SO, IT’S APRIL 7 – genocide commemoration day.
Nineteen years today since 100 days of intense killing began. The general mood we have picked up here is one of remarkable hope and determination. Still, this day, and the many individual days coming up of remembering specific family members and friends who died and in terrible circumstances, is difficult and it is important. Anyone who has lost someone close to them knows that anniversaries are always painful and sad. As I saw written at the Gisozi memorial, ‘they should still be here with us’.
Around us, in the early morning, we can hear church bells ringing, and some gentle, sad but soothing music from a nearby house. There are birds chirping and a noticeable quiet hangs over the whole city. Later, we will join Rwandan friends in the local neighbourhood commemoration, then the Walk to Remember, where the politicians join the ordinary citizens to walk through the city, and tonight we will be honoured to join in a candle-light vigil with a group of child-headed households. Not really sure how to be… self-consciously white-skinned and bearing a sense of collective guilt and angry shame about the role of the west in this most horrendous of genocides which took place in these very streets.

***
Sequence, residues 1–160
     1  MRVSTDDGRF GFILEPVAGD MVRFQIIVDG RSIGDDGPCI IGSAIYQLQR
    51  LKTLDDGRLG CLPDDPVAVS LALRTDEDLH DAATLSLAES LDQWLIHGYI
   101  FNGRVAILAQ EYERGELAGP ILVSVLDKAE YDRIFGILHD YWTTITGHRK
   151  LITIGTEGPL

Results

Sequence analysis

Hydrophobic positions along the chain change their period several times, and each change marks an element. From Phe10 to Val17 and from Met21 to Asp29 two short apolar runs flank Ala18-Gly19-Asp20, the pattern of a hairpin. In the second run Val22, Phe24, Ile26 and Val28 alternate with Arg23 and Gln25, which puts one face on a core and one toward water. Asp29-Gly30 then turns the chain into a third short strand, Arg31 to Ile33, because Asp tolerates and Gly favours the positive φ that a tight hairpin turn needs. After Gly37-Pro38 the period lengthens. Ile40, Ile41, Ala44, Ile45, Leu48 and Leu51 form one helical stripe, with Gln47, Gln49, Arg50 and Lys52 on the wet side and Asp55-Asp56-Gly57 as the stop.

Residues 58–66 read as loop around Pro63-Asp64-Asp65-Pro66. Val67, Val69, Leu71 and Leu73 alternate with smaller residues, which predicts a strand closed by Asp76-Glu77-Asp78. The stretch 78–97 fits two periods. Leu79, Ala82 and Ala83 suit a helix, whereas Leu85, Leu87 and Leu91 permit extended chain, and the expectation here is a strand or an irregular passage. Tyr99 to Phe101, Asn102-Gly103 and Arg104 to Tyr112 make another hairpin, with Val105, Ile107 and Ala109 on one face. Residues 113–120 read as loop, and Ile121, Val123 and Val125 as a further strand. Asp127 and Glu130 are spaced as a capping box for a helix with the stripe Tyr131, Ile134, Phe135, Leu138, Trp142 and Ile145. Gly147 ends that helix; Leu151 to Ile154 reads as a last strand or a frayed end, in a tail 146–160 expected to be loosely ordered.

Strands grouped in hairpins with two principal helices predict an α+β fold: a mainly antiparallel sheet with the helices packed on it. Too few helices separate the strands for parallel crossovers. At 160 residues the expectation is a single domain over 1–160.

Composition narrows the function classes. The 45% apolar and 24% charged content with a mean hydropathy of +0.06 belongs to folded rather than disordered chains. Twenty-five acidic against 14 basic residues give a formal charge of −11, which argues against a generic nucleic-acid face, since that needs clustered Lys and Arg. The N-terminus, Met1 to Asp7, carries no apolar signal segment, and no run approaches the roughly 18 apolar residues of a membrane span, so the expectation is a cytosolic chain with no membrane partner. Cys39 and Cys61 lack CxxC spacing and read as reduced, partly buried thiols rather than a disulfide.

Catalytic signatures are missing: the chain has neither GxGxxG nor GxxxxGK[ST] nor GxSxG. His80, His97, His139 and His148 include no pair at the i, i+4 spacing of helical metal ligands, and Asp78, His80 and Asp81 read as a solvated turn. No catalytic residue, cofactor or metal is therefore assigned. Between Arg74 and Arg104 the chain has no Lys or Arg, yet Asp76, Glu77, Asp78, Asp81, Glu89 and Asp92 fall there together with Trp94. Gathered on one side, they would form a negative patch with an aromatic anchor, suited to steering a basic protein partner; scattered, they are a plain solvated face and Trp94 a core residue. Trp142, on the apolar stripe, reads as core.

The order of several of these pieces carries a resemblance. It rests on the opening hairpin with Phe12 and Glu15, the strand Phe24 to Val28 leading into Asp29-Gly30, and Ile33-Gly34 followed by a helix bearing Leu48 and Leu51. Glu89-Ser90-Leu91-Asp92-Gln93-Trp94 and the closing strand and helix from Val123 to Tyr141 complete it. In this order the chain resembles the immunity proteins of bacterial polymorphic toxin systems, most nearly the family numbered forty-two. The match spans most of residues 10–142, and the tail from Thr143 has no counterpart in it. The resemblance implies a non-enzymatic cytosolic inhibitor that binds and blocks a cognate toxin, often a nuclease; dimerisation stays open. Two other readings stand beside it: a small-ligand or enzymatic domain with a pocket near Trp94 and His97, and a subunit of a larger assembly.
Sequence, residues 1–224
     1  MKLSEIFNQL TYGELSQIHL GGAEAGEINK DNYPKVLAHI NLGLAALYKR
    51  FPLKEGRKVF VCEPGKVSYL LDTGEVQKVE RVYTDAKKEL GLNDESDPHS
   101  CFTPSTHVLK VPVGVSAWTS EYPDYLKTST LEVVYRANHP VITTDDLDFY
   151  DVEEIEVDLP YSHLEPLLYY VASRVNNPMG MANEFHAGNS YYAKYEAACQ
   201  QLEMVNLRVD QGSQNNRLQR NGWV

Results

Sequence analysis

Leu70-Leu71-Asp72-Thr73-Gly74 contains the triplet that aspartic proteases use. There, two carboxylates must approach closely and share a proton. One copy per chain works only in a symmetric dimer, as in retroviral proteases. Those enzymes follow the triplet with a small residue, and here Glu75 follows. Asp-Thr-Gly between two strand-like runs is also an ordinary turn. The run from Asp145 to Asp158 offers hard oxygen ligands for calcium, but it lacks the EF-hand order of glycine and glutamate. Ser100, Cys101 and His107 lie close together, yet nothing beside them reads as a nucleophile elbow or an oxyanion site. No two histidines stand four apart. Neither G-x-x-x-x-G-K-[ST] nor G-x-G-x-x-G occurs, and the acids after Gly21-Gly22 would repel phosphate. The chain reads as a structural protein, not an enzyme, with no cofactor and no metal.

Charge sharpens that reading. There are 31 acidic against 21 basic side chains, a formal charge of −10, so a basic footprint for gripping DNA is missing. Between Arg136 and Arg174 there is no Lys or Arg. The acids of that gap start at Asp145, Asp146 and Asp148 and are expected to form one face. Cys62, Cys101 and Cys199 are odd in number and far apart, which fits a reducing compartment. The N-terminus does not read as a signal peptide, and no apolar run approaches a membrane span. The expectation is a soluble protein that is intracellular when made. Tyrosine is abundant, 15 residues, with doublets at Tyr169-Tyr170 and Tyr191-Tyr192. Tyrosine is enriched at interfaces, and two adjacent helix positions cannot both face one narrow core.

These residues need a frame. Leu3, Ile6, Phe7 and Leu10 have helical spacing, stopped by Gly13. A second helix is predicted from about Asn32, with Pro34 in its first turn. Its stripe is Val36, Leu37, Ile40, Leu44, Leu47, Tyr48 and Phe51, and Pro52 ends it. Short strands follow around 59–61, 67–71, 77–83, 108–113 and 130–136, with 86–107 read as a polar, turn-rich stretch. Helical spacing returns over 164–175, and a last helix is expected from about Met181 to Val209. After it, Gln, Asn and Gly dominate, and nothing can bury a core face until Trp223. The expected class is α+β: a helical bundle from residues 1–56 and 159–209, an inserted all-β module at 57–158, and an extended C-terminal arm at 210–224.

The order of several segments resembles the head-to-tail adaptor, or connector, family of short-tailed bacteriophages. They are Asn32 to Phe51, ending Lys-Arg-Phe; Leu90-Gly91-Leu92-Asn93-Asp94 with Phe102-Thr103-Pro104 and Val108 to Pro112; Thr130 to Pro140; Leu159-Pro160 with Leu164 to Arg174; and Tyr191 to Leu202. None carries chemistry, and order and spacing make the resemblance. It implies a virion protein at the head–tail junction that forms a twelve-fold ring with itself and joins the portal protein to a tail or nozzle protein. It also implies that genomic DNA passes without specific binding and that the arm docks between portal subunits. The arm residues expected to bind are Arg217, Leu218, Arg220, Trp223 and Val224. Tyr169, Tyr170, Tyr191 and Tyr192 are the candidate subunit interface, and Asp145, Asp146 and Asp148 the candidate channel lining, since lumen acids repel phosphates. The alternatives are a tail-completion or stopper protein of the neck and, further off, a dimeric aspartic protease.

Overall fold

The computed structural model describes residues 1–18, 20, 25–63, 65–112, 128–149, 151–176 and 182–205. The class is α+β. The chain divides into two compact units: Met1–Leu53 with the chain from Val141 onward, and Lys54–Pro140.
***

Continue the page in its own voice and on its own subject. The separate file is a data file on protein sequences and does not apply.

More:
So this is my tiny note of the inexpressible respect I have for the millions of Rwandans out there, over these thousands of hills, who are joining to remember today – most of all the survivors, the families of victims, and also the perpetrators, their families, who also have shocking memories and a guilt made tangible today.
This is also my tiny tribute to the tens of thousands of deeply good men and women who are on full alert today and always, determined to help others get through this time, and to reconnect with their worth as human beings and their ability to live, to do good, to love and to enjoy the life they have been given.
I feel very out of place, but very privileged to be in Rwanda on this 19th commemoration of the genocide.